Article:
Skeat produced what is still the main edition of Ælfric of Eynsham's Lives of the Saints;[8] the edition includes translations which were largely the work of two women referred to as Mss Gunning and Wilkinson, who were credited in the preface to his edition.[9]


According to A. J. Wyatt, Skeat 'was not a great teacher ... he left the teaching to those who had learned from him'---i.e. Wyatt himself and Israel Gollancz---'his teaching was episodic. Yet his lectures were eagerly followed by the fit though few; they were always interesting when least utilitarian, when he forgot examinations and syllabuses, and poured forth from the quaint storehouse of his motley memory things new and old'.[10]

Skeat's pedagogical works include:

International relations

Skeat was one of the very few scholars in English studies who had sufficient expertise to compete with the state-employed and tenured colleagues from German universities. Like Henry Sweet, he regarded Geoffrey Chaucer and other medieval English authors as part of his national heritage and objected to the numerous German professors' incursions into English textual territory. Frustrated by the successes of his German counterparts, he exclaimed, sarcastically, that though perhaps "to some extent disqualified, as being merely a native of London, in which city Chaucer himself was born," he should be allowed to contribute scholarship on the father of English poetry without constant German interference.[12]


  1. "Skeat, Walter William (SKT854WW)". A Cambridge Alumni Database. University of Cambridge.
  2. "Skeat, Rev. William Walter". Who's Who. Vol. 59. 1907. pp. 1615–1616.
  3. "English Philology". The Athenaeum. No. 3622. 27 March 1897. pp. 413–414.
  4. "History of the Windows of Saint Peter, St Albans". St Peter's Church. Retrieved 26 December 2010.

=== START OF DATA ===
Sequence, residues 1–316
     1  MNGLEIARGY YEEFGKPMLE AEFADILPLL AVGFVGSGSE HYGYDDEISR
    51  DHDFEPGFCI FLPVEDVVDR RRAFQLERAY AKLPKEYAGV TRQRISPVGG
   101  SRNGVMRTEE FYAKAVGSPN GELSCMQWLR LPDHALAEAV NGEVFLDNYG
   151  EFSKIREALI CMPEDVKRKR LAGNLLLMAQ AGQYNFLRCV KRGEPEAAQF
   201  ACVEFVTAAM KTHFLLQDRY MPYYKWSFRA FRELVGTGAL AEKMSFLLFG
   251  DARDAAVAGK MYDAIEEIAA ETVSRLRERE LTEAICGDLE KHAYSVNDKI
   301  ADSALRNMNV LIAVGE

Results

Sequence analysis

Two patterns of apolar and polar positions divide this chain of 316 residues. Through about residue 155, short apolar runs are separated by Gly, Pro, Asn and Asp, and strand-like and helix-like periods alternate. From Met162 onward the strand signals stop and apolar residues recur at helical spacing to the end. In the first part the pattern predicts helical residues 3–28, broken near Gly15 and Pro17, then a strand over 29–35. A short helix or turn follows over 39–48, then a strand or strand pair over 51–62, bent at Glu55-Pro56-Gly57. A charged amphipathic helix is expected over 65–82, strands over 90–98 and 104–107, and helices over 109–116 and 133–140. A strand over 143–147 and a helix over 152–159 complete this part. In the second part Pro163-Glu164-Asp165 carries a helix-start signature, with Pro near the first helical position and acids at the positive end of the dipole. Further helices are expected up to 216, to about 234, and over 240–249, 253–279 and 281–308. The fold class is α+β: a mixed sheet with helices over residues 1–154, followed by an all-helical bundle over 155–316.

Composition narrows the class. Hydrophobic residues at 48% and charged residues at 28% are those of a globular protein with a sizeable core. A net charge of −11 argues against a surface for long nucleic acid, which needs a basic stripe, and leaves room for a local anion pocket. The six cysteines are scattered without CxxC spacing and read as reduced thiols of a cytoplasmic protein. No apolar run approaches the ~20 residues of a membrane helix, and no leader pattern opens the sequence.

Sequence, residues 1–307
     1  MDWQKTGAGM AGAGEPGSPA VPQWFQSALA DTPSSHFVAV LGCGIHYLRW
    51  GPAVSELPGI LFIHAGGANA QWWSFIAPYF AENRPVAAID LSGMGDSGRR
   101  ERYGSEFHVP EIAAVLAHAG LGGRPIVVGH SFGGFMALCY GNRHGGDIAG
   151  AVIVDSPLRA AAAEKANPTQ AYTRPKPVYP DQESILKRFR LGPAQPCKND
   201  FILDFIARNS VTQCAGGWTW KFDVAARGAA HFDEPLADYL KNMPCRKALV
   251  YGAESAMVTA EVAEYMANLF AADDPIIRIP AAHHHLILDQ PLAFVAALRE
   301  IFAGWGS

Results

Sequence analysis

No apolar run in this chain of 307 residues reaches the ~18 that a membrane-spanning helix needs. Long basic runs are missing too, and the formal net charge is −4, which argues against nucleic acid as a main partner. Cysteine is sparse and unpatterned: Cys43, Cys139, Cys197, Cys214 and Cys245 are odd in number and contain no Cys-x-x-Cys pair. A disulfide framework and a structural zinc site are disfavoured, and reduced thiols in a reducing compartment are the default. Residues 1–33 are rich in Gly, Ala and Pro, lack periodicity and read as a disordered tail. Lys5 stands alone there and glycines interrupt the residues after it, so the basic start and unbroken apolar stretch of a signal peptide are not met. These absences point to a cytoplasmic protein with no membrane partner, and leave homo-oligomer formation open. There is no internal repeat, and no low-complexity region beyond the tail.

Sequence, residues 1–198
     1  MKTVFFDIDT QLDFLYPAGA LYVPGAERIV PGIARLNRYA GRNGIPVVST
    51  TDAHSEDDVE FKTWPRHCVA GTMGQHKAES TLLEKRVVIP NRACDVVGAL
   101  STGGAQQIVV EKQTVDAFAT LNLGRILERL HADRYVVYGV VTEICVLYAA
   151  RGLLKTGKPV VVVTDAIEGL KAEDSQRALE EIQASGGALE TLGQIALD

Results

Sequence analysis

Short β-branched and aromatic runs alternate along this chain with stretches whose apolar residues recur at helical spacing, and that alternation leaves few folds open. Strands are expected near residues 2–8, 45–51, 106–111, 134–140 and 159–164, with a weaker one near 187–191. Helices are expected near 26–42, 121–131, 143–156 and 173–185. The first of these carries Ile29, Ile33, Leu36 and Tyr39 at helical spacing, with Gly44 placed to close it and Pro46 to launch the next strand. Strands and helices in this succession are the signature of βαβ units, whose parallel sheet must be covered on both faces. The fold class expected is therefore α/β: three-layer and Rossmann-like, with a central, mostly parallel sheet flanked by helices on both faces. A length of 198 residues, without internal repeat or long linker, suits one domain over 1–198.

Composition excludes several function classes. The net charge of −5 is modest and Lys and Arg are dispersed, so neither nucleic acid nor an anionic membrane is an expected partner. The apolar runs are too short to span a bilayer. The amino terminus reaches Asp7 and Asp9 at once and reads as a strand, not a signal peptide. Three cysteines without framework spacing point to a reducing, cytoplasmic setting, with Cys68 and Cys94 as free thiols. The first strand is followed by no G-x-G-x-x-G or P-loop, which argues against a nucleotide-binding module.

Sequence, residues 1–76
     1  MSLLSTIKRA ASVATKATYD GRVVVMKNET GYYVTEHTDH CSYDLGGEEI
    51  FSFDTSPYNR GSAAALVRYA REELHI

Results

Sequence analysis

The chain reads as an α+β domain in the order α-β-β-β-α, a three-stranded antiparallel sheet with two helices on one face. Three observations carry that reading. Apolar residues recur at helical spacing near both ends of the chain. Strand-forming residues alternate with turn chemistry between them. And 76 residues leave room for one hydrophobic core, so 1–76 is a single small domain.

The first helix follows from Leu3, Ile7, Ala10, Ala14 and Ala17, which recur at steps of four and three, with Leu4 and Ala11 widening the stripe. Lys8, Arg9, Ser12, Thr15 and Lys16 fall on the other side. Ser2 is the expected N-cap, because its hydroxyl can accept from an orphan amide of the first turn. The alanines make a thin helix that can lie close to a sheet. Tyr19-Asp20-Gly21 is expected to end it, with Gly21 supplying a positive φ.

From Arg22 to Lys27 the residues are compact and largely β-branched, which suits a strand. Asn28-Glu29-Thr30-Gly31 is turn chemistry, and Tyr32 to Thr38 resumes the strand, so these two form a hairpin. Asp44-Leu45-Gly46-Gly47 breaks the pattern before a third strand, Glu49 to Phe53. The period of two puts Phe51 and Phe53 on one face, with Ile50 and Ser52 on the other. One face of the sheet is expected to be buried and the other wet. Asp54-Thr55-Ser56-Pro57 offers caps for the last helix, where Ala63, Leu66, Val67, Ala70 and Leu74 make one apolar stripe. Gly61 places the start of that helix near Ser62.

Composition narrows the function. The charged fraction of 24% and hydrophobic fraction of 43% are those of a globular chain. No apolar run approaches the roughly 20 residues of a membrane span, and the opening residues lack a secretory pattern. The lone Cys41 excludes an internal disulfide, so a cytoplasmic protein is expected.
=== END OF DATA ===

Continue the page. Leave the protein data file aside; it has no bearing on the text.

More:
5. Skeat, Walter William; Presidential address on 'Ghost-Words' in: Transactions of the Philological Society, 1885–87, pp. 350–373; Published for the society by Trübner & Co., Ludgate Hill, London, 1887.
  6. Geoffrey Chaucer, A treatise on the astrolabe addressed to his son Lowys by Geoffrey Chaucer, A.D. 1391, edited from the earliest MSS, ed. by Walter W. Skeat, Early English Text Society, Extra Series, 16 (London: Trübner, 1872).
  7. The Complete Works of Geoffrey Chaucer, ed. by Walter W. Skeat (Oxford: Clarendon Press, 1894–1897).
  8. Ælfric's Lives of Saints: Being a Set of Sermons on Saints' Days Formerly Observed by the English Church, Edited from Manuscript Julius E. VII in the Cottonian Collection, with Various Readings from Other Manuscripts, ed. by Walter W. Skeat, Early English Text Society, Original Series, 76, 82, 94, 114, 2 vols (London: Trübner, 1881–1900).
  9. Maude, Kathryn (2014). "Citation and Marginalisation: The Ethics of Feminism in Medieval Studies". Journal of Gender Studies. 23: 1–15 [8]. doi:10.1080/09589236.2014.909719.
  10. Obituary of Skeat in The Cambridge Review, 34 (1912), 15, cited by Michael Lapidge, 'Introduction: The Study of Anglo-Saxon, Norse and Celtic in Cambridge, 1878--1999', in H. M. Chadwick and the Study of Anglo-SAxon, Norse and Celtic in Cambridge, ed. by Michael Lapidge (Aberystwyth: CMCS Publications, 2015) [=Cambrian Medieval Celtic Studies, 69/70 (2015)], pp. 1--58 (p. 12 n. 44).
  11. "Review of Principles of English Etymology by the Rev. Walter W. Skeat". The Athenæum (no. 3120): 206–207. 13 August 1887.
  12. Chaucer. The Minor Poems, ed. Walter W. Skeat (Oxford, 1888), p vii. See further Richard Utz, Chaucer and the Discourse of German Philology (Turnhout: Brepols, 2002), pp. 67–69.

 This article incorporates text from a publication now in the public domain: Chisholm, Hugh, ed. (1911). "Skeat, Walter William". Encyclopædia Britannica (11th ed.). Cambridge University Press.